I recently had the privilege to sit down with Denise Taschereau, a member of the PPAI Board of Directors and the CEO and co-founder of Vancouver-based distributor Fairware. Denise is one of the pioneers of sustainability in the industry.

Despite developing the secret sauce of corporate social responsibility that drives her business, Denise is remarkably generous in sharing the recipe.

Before she launched Fairware, Denise served as the director of sustainability and community for Mountain Equipment Co-op, Canada’s largest outdoor retailer. A significant part of her role was overseeing the company’s environmental programs and community grant-making, and she was struck by how difficult it was to get promotional products that reflected MEC’s sustainability values.

Realizing this challenge was not unique to MEC, Fairware was born with a mission to source promotional merchandise that reflects the social and environmental priorities of the brands and organizations she admires.

It’s not an easy task now, but it was significantly more difficult back in 2005.

Part of Fairware’s magic formula is doing the research to protect the client’s brand. And they don’t focus exclusively on sustainability. They examine all the CSR pillars – diversity, equity and inclusion; community impact; and environmental responsibility – to make sure the products align with the client’s brand and values.

I shared with Denise my concern that when it comes to sustainability in the promo industry, not every PPAI member is prepared with the right product and message to compete on the CSR stage. There are likely to be winners and, unfortunately, there are likely to be losers as well.

Perhaps unsurprisingly, while sharing the concern, Denise had a very pragmatic response: The idea of winners and losers is not unique to CSR. There will be winners and losers relative to digital transformation as well. Companies that embrace technology are going to win, and those who don’t will lose. CSR, technology, business strategy and all the things that drive innovation and resilience will position companies to be more successful and relevant.

Denise is most concerned about our industry ending up on the wrong side of history. She rightly doesn’t want our industry to be perceived as out of date, out of touch and unsustainable.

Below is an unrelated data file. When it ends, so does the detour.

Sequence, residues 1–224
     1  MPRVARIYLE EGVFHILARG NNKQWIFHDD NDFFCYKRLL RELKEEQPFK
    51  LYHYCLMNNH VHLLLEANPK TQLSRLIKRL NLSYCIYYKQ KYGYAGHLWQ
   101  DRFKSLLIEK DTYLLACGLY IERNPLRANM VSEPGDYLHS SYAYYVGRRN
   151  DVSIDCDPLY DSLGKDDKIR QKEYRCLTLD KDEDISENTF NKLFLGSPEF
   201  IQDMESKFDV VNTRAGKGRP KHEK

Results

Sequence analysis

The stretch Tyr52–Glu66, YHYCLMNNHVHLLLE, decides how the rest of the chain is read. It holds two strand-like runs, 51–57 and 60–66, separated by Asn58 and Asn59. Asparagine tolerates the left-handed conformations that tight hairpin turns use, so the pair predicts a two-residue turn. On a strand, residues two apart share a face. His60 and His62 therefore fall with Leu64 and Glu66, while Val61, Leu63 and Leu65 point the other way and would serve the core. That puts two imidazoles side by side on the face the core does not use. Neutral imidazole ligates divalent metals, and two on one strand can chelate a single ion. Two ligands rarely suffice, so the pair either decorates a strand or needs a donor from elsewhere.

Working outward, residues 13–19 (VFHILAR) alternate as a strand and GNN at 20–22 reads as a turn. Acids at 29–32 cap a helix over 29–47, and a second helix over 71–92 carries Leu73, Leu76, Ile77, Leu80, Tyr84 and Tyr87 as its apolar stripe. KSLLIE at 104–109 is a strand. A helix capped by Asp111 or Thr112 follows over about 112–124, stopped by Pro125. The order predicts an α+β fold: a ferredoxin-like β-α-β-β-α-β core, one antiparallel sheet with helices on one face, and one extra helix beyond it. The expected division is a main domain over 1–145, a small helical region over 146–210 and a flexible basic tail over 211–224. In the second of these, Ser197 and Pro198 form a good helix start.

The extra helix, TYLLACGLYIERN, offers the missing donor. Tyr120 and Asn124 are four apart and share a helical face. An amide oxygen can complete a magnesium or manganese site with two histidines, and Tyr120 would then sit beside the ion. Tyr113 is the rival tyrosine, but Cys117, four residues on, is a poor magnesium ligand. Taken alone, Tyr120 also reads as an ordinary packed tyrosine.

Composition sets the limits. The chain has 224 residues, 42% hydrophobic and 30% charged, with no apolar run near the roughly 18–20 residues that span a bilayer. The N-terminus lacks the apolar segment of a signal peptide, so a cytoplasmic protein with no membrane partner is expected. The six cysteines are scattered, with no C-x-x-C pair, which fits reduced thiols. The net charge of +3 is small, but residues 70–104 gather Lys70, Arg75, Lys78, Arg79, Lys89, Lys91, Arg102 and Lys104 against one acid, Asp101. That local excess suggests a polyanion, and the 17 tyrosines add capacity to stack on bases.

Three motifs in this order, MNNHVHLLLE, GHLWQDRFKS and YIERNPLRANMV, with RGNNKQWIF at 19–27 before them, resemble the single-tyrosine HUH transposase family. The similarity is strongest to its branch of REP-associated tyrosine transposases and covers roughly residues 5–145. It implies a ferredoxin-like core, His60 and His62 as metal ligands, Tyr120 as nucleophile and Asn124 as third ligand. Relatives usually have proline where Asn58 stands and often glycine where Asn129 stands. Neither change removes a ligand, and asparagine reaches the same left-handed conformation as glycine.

This isn’t related only to sales – it also applies to your recruiting potential. If you don’t evolve, you will be left behind by clients, which everyone fears. But more importantly, you will lose the talent war and be unable to attract younger, cooler and more interesting people to your team.

Denise gave me a key piece of advice. She warns that if you are going to go down this road, you have to invest in the process, noting that this is not a marketing initiative – it must be baked into your organization’s DNA and operations. Savvy clients expect you to know how a product is made, where it’s made, what it’s made of, who made it and how they are treated, and what happens to it when you are done with it. Gathering and maintaining this data takes commitment.

There are many roads to incorporating CSR as a fundamental element of your business. One road is to decide it is a brand differential and go all in. But that is not the only option.

For most distributors, a more reasonable approach is to take small steps to curate products that align with your client’s brand.

Here are a few tips for you to begin sourcing products that reflect your clients’ brands:

  • Use the FTC Green Guides as a script for what you can and cannot say.
  • Conduct an internal review of your key clients and determine if CSR is reflected in their corporate values. If it is, identify the CSR pillars that are most relevant and begin aligning product recommendations with those pillars.
  • Gather data about the products you sell. Start with the suppliers you do the most business with and begin to collect answers to the kinds of questions mentioned above.
  • Ask your supplier partners to indicate what they are particularly proud of and tell those stories to clients. Denise is quick to say there is no perfection in the journey toward sustainability. However, the scrapes and hiccups are powerful stories in the journey to improve.
  • Begin to analyze your own corporate footprint. This alone will make you more sensitive to the environmental impact of the products you source for your clients.

There is no easy button for CSR. It takes time, it takes effort and, just like product responsibility, it is a journey, not a destination.

But it is a journey of continual improvement that at the end of the day will benefit your client, your conscience and your planet.

Stone is the director of member engagement at PPAI.